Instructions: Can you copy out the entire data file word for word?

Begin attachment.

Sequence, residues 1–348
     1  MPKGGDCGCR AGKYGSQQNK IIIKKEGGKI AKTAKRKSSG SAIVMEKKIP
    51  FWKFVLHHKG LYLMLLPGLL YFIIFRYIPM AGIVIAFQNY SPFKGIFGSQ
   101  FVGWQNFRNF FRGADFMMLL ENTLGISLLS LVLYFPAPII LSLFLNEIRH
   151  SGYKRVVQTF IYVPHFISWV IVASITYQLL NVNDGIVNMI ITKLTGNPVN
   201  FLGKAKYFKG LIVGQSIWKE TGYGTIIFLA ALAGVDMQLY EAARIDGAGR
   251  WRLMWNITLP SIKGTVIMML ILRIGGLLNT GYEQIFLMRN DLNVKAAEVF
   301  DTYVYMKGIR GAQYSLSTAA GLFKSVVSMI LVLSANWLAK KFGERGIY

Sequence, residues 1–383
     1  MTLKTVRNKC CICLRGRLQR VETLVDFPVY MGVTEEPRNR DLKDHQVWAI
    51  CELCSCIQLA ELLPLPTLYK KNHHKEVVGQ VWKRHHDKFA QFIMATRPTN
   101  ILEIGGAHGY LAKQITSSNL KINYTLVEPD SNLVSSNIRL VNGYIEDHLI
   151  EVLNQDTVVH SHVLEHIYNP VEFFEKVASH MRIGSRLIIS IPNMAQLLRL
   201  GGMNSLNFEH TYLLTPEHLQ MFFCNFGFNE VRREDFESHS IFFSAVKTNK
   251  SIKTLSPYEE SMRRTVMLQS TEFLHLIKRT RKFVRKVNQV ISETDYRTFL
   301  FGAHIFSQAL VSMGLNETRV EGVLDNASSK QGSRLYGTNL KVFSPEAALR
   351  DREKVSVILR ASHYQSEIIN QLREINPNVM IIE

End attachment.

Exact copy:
Sequence, residues 1–348
     1  MPKGGDCGCR AGKYGSQQNK IIIKKEGGKI AKTAKRKSSG SAIVMEKKIP
    51  FWKFVLHHKG LYLMLLPGLL YFIIFRYIPM AGIVIAFQNY SPFKGIFGSQ
   101  FVGWQNFRNF FRGADFMMLL ENTLGISLLS LVLYFPAPII LSLFLNEIRH
   151  SGYKRVVQTF IYVPHFISWV IVASITYQLL NVNDGIVNMI ITKLTGNPVN
   201  FLGKAKYFKG LIVGQSIWKE TGYGTIIFLA ALAGVDMQLY EAARIDGAGR
   251  WRLMWNITLP SIKGTVIMML ILRIGGLLNT GYEQIFLMRN DLNVKAAEVF
   301  DTYVYMKGIR GAQYSLSTAA GLFKSVVSMI LVLSANWLAK KFGERGIY

Sequence, residues 1–383
     1  MTLKTVRNKC CICLRGRLQR VETLVDFPVY MGVTEEPRNR DLKDHQVWAI
    51  CELCSCIQLA ELLPLPTLYK KNHHKEVVGQ VWKRHHDKFA QFIMATRPTN
   101  ILEIGGAHGY LAKQITSSNL KINYTLVEPD SNLVSSNIRL VNGYIEDHLI
   151  EVLNQDTVVH SHVLEHIYNP VEFFEKVASH MRIGSRLIIS IPNMAQLLRL
   201  GGMNSLNFEH TYLLTPEHLQ MFFCNFGFNE VRREDFESHS IFFSAVKTNK
   251  SIKTLSPYEE SMRRTVMLQS TEFLHLIKRT RKFVRKVNQV ISETDYRTFL
   301  FGAHIFSQAL VSMGLNETRV EGVLDNASSK QGSRLYGTNL KVFSPEAALR
   351  DREKVSVILR ASHYQSEIIN QLREINPNVM IIE